Live from New York: The Future of Book Publishing

June 27th, 2008

In February of this year the O’Reilly fiefdom held its second “Tools of Change for Publishers” conference in New York City. Though the title of the conference suggests that it was not limited to book publishers, books were indeed the focus. Details from the conference have been slow to emerge in cogent form.

Steve Paxhia, my colleague at Gilbane, offers a thorough overview in the May 29, 2008 edition of The Seybold Report, but unfortunately access is limited only to subscribers ($499 per year for the online version). The conference site, linked above, now also offers many of the presentations and other coverage of the event.

I was pleased to find today equally thorough coverage in the July-August 2008 issue of The Futurist, fortunately available online without charge. Senior editor Patrick Tucker perhaps enjoys an advantage in his coverage not available to Steve Paxhia: he is not intimate with the publishing industry, and by the nature of his publication is more focused on the futurist perspective than the insider’s perspective.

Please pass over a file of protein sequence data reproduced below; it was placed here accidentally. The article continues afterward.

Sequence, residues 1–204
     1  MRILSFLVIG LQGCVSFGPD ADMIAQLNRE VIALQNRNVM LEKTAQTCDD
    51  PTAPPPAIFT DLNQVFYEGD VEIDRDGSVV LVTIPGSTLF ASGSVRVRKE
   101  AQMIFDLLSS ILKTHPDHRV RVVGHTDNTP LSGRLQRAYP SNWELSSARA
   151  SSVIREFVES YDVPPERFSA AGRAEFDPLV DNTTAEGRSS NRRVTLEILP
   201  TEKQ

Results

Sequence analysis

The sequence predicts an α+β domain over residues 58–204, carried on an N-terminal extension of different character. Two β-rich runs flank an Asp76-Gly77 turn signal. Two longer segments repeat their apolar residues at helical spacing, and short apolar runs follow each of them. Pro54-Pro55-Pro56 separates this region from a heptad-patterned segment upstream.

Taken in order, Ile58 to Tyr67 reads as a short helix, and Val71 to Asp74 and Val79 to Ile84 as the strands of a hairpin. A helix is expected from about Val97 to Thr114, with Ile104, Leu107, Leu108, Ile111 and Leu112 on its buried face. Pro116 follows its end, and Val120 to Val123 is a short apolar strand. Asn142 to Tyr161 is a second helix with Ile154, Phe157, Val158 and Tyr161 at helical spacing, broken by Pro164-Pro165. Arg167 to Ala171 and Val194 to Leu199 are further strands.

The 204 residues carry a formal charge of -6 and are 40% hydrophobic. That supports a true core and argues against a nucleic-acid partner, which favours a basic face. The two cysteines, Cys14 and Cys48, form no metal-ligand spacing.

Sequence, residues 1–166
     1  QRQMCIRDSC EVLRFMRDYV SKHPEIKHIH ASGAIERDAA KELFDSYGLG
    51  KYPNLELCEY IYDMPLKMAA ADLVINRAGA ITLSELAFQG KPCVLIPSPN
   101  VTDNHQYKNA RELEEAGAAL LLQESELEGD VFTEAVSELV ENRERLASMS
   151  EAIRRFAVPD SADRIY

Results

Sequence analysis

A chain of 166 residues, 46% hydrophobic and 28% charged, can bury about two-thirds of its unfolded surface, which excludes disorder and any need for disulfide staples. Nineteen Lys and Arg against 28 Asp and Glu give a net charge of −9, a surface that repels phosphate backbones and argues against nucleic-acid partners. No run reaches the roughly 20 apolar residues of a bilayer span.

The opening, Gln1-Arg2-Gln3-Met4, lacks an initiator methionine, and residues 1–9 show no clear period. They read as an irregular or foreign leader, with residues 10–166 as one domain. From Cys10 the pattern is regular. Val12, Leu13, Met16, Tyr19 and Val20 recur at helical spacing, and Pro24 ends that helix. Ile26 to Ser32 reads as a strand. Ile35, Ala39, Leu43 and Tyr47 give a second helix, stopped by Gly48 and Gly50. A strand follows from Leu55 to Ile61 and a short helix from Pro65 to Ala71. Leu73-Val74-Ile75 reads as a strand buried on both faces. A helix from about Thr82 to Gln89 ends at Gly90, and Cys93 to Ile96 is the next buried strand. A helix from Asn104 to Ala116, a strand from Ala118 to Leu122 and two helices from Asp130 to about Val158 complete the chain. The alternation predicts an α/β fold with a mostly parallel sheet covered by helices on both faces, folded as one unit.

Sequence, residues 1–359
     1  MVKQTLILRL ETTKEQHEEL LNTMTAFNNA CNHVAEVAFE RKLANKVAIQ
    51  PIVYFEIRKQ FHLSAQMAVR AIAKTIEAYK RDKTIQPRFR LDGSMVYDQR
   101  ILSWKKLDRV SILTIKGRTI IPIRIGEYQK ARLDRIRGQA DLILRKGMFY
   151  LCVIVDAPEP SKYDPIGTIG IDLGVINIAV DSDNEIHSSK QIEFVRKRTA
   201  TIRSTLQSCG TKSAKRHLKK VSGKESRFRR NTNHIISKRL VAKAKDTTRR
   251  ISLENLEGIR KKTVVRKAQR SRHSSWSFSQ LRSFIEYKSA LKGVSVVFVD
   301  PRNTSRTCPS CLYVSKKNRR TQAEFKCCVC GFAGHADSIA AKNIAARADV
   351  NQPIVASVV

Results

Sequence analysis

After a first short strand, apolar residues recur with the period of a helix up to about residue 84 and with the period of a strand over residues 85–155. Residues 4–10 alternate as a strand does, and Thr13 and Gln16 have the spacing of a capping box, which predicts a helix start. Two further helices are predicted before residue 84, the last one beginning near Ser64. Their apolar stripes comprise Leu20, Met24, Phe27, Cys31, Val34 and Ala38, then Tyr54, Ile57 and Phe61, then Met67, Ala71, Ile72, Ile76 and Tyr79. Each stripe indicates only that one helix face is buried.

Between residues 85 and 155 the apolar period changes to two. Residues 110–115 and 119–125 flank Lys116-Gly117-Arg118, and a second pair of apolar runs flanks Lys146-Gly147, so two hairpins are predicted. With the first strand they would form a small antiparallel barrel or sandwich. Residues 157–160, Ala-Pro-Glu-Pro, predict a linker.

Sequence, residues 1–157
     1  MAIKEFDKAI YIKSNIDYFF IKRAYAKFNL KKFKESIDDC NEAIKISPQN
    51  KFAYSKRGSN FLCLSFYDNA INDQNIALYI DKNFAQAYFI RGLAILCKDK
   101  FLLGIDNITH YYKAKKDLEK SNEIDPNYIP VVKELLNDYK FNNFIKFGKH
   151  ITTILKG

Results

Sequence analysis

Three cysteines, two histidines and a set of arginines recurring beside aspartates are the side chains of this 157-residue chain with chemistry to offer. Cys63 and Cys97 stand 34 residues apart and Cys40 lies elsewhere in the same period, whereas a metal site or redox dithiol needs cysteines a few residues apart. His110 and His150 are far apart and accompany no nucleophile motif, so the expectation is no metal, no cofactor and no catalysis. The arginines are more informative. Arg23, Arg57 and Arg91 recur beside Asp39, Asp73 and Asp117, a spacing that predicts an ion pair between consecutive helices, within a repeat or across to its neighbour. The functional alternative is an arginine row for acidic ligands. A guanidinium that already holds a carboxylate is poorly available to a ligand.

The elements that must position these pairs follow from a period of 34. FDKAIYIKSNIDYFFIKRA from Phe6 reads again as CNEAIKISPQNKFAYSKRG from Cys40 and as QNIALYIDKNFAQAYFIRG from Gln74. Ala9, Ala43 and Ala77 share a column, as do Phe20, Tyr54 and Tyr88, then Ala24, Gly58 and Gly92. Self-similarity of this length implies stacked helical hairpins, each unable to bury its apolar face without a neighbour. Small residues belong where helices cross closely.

And as a result he makes an additional effort to contextualize his coverage of the presentations and highlights of the event.

The article struggles with the issues of balancing social media, new technology and the value of content in a very cogent fashion. Some of the ideas are familiar; others quite fresh and provocative.

My favorite quote is from Lewis Lapham, until recently the long-time editor of Harper’s magazine, and now the publisher and editor of Lapham’s Quarterly. From Tucker’s report, “To Lapham, the crudeness, silliness, and uncultured quality of today’s Web culture is a symptom of the immaturity of the new medium and the youthfulness of its users. The change will be gradual. “We’re still playing with it like it’s a toy,” he said of the Web. “We don’t yet know how to make art with it. McLuhan points out that the printing press was (introduced in the West in) 1468; it (was) a hundred years before you (got) to Cervantes, to Shakespeare.”